Researchers: Summer Heat Waves Bode Ill for Breeding Birds

Eurasian blue tit, photo by Ron Knight.

Heatwaves can have a negative impact on breeding birds, according researchers at Lund University in Sweden. Overheated birds have smaller offspring with lower chances of survival, their study showed.

In spring 2018, Andreas Nord and Jan-Åke Nilsson, researchers in the Department of Biology at Lund University, presented results showing that small birds reach a body temperature well above normal while working hard to support a large brood while nesting. They found that birds that are able to get rid of excess heat more easily have larger and more viable offspring.

The study was conducted on Eurasian blue tits, a species that produces very large broods—commonly 15 per pair. Parents are forced to bring food to the nest hundreds of times every day. In order to make it easier for the birds to lower their body temperature, the researchers trimmed the feathers on the breast and abdomen of half the birds in the study (the intervention is harmless as new feathers grow in after a couple of weeks). The other half served as a control group. Both the trimmed and the untrimmed birds had small transmitters mounted on their legs to measure how often they flew in and out of their nest boxes.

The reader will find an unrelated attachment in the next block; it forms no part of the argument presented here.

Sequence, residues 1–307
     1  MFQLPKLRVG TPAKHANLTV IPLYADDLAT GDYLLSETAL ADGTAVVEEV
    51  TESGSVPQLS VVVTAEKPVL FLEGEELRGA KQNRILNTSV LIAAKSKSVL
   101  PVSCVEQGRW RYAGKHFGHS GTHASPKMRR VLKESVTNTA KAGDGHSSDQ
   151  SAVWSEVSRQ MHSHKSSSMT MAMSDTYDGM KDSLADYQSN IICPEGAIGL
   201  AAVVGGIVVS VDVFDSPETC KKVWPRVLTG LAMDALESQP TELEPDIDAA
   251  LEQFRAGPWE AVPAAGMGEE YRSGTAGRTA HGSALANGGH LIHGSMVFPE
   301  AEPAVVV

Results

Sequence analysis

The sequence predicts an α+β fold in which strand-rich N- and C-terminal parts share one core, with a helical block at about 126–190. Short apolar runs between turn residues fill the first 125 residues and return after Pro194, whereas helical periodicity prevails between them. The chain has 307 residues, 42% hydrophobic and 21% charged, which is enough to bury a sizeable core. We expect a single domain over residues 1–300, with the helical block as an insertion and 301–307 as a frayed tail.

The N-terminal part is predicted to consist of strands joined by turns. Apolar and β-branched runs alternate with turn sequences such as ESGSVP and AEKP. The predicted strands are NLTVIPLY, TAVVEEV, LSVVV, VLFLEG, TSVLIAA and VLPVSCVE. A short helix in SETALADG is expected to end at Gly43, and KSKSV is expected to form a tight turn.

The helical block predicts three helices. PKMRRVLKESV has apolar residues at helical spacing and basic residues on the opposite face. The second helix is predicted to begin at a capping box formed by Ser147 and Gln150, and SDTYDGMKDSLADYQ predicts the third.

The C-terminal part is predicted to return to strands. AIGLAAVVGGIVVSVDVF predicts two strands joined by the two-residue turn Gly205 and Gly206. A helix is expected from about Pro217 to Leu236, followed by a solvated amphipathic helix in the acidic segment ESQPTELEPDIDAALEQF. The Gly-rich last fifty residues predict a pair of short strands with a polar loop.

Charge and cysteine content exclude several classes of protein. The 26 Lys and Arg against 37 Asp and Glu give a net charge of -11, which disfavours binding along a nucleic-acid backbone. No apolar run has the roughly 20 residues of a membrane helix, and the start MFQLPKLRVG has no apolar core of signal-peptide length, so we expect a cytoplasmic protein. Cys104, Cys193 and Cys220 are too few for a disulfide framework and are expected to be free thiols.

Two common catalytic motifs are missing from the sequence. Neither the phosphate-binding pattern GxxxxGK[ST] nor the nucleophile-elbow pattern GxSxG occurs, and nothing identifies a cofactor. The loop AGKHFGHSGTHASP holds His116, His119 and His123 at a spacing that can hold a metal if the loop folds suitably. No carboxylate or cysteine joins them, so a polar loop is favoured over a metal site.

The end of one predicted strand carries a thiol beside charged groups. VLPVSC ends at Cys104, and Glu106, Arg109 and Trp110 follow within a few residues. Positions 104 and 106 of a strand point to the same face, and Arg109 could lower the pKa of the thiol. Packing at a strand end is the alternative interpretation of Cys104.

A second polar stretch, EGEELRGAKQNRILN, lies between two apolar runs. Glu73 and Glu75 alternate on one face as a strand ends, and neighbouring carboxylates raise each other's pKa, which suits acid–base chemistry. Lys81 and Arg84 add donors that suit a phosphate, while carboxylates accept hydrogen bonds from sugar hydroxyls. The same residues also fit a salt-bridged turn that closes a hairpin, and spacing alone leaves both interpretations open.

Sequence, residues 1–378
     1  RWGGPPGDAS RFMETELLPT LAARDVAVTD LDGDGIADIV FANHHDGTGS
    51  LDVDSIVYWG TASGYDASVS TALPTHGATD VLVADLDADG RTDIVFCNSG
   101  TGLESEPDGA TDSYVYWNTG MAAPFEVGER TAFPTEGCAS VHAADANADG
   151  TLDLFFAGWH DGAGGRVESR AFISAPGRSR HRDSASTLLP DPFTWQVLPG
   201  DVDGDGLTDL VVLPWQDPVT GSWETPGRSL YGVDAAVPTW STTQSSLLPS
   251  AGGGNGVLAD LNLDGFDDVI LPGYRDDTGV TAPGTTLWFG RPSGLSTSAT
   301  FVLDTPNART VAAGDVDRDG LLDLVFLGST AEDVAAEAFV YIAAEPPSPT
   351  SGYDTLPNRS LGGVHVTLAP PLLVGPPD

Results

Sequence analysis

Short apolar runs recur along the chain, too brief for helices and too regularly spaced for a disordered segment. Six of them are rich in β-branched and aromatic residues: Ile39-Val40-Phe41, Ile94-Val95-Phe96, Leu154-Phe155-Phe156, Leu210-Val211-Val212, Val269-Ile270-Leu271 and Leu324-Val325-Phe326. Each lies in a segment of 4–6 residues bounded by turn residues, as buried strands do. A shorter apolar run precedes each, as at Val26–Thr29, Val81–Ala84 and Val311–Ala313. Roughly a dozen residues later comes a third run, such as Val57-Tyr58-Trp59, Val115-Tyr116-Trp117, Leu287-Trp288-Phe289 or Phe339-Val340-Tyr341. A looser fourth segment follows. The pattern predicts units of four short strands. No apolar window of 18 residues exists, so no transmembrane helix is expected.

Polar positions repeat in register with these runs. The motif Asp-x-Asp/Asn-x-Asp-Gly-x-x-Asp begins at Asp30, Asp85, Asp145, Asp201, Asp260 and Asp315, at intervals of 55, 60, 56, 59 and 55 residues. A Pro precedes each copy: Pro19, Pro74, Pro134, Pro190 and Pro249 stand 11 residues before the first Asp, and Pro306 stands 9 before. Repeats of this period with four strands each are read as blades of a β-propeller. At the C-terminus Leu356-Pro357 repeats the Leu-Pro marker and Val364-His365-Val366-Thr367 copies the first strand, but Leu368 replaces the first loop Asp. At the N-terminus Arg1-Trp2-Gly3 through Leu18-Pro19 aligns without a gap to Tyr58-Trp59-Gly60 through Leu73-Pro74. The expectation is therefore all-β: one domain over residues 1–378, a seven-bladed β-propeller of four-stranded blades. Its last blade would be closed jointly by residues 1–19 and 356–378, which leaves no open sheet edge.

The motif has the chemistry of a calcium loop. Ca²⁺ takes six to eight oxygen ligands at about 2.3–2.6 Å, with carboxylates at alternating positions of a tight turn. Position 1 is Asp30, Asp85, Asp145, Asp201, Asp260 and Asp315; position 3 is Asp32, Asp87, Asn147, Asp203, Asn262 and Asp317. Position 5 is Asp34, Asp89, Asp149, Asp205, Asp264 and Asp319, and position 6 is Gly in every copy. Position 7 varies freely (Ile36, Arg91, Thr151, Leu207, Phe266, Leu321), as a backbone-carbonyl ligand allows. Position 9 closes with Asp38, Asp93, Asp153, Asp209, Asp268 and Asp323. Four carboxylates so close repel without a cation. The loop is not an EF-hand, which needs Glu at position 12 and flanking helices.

The birds were subsequently left undisturbed until their offspring had reached their final size, and were then recaptured and weighed and had their body temperature measured. The researchers also checked the offspring to see how the parents’ varying ability to get rid of excess heat had affected their progeny.

The results showed that parents with trimmed feathers had a lower body temperature and weighed more than untrimmed parents at the end of the breeding season. In addition, the offspring of trimmed parents were larger and often heavier. The measurements also showed that parents who could more easily get rid of their excess heat did not use their energy on feeding their young more frequently than parents in the untrimmed control group.

“It is important how large the offspring are just before they leave the nest. Their size tells us a great deal about their chances of surviving and reproducing,” Nord concludes.

Read the news release from Lund University here:

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